Rich Girl Poor Girl, a WB web original mini-reality series, introduces its plot as "Two Girls...One City...Two Different Worlds..." Tarra, a 19-year-old from the rich neighborhoods of the Pacific Palisades, and Angela, a 19-year-old from "ghetto" East LA, swap places to experience life beyond their comfort zones. However, this social experiment fails to live up to its title by a long shot. What was promised to be a shuffle in the lives of teenagers from drastically different socioeconomic backgrounds turns out to be nothing more than the switching of two girls with different personalities.
The first episode, The Switch, tries to outline the differences between the "hood" and the Palisades. Although there appears to be differences among the different homes, they have nothing to do with the income of the families. Tarra lives in a neat, nice home of upper-middle class range. Angela lives in a disorderly home of middle-class range. Both girls have moms who stay at home and cook them breakfast (generally, "poor" families cannot afford to have a stay-at-home parent). Both girls live care-free lives with leisure time to hang out with friends. Both girls own similar computers: iMacs that cost over $1000 a pop. The only difference between the girls is this: Angela speaks with a "ghetto" accent, lacks a sense of personal hygiene, detests organization and structure, and is very outspoken while Tarra is more reserved, orderly, put-together, and polite. These types of personalities are not distinctive to those of "rich" or "poor" people.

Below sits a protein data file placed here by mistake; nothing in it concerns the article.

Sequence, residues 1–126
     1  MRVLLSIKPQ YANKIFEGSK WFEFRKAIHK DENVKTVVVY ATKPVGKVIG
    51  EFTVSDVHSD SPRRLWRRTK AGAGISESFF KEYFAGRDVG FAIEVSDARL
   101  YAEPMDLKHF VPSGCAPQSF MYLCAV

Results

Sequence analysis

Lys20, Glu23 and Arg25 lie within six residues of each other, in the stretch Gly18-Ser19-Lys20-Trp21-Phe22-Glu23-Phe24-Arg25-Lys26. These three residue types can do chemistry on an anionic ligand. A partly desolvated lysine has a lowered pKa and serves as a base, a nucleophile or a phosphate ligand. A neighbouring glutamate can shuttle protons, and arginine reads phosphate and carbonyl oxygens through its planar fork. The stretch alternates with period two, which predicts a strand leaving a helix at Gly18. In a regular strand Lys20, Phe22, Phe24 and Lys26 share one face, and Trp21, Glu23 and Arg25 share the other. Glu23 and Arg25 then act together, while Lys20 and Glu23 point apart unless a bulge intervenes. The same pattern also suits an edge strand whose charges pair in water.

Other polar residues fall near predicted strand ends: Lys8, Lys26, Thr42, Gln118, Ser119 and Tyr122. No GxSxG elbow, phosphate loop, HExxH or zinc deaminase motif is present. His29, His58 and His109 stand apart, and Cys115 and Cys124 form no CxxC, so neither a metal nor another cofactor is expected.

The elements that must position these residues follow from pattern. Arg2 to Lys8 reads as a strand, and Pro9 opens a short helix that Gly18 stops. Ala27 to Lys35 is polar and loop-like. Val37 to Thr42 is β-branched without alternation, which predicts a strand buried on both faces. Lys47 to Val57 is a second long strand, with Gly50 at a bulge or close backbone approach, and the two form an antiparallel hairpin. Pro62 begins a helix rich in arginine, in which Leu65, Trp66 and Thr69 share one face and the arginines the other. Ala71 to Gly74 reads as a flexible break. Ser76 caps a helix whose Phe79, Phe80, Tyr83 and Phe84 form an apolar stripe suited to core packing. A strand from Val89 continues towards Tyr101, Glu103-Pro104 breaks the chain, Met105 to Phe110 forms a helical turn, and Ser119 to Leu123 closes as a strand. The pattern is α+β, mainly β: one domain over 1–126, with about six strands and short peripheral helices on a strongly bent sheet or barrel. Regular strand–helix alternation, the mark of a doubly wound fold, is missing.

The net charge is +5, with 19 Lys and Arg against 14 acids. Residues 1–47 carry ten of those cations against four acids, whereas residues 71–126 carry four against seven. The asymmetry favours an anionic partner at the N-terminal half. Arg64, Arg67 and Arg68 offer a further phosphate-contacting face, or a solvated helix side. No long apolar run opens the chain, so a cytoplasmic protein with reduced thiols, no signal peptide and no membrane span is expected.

It seems that both girls are inherently spoiled in their own ways: Tarra materially and Angela behaviorally. Yes, the switch exposed the girls to a different life, but unfortunately, the show did not film any evidence that the girls' lives were changed "forever" within the 7 days. Angela advised Tarra to be more spontaneous and sleep with the dogs at least once a week. Tarra advised Angela to take her dancing skills to Hollywood. Both girls rejected these "words of wisdom". Neither missed living in each other's homes. The message of this show: appreciate who you are. Does it really take thousands of dollars and 12 subpar episodes to understand that?